significance of their efforts. (p. 357)

Some have viewed the dean as a dove of peace who intervenes among warring factions that cause destructive turbulence in the college. Others have viewed the dean as a dragon driving away internal or external forces that threaten the college. Still others consider the dean as a diplomat, guiding and encouraging people who live and work in the college (Tucker and Bryan, 1988). The job of deans of education appears to have undergone a transformation with more emphasis placed on extramural funding, personnel decision-making, and alumni relations (Gmelch, Wolverton, and Wolverton, 1999).

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Gardner (1992), sharing observations from 15 years as an education dean, pointed out that the major dilemma faced by education school deans and faculties is how to resolve the confusion over missionshould education schools emphasize teacher and administration education missions to the detriment and perhaps the exclusion of the graduate and research missions? Gardner identified four activities that belong on a dean's "To Do" list as: (a) educating faculty and central administration, (b) compiling data, (c) building a development fund, and (d) hiring faculty.

Gardner explained that vice presidents need coaching and that a dean is wise to look for new and better ways to impress and inform people who are busy and who are not terribly interested in the subject matter. Although faculty members are not uninterested in what deans and central officers talk about, those topics are of peripheral interest. But a dean risks failure unless support of the faculty is maintained. The dean must also have a data collection and analysis system. Examples of important data are cost of instruction comparisons with other academic units, faculty-student and faculty-staff ratios, student characteristics, degree completions, and the amount of money generated through external grants and contracts. In addition, since state allocations do not keep up with internal needs, the dean needs ingenuity in acquiring funds. Finally, Gardner indicated that hiring faculty should be the single most important activity on a dean's "To Do" list. Efforts invested in hiring can pay dividends later.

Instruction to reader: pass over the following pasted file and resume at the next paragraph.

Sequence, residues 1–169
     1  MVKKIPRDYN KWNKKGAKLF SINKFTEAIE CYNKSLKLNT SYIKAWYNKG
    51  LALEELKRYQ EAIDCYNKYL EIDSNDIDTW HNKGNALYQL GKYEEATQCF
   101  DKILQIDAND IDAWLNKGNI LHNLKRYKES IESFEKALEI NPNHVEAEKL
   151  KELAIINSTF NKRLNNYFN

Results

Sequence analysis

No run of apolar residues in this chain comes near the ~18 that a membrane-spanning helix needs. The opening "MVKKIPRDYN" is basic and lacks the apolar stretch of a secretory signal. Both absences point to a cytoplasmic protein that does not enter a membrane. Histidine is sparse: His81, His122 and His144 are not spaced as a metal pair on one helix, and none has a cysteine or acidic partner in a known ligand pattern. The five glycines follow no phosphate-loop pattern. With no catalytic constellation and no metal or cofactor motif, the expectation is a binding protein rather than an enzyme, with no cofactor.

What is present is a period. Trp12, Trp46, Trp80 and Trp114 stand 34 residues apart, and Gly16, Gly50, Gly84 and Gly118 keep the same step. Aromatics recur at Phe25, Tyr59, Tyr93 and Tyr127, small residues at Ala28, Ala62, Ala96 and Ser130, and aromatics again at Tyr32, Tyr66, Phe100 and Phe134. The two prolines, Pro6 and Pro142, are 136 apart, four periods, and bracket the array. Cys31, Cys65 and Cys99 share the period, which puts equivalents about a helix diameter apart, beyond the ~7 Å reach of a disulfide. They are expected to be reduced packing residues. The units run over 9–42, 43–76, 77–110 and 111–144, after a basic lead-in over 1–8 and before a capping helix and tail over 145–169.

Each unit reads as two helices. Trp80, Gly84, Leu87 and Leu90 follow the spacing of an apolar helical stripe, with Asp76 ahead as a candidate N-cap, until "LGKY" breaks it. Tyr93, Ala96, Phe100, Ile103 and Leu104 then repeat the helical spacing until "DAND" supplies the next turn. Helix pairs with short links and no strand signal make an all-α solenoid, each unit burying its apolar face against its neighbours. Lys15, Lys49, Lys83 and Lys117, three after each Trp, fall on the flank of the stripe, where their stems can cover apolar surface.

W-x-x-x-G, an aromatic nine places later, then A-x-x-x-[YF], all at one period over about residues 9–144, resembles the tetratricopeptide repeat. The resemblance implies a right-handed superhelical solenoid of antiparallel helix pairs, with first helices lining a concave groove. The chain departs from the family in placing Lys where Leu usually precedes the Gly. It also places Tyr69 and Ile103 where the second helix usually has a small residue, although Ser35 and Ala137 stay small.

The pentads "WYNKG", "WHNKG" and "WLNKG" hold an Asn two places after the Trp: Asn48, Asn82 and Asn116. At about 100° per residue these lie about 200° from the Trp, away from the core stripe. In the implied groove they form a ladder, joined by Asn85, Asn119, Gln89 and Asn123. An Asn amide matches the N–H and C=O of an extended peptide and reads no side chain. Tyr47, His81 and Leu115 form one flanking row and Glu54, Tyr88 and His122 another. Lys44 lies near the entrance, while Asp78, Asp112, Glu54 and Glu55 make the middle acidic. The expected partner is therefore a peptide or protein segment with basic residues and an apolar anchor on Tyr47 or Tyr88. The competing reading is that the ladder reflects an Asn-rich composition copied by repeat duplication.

How do education deans characterize their leadership style? Gmelch, Wolverton, and Wolverton (1999) found that, in rank order, the ten statements that most characterized their leadership behaviors were: (1) keep promises, (2) treat others with respect regardless of position, (3) can be relied on, (4) follow through on commitments, (5) share power and influence with others, (6) oriented toward action rather than status quo, (7) involve others in new ideas and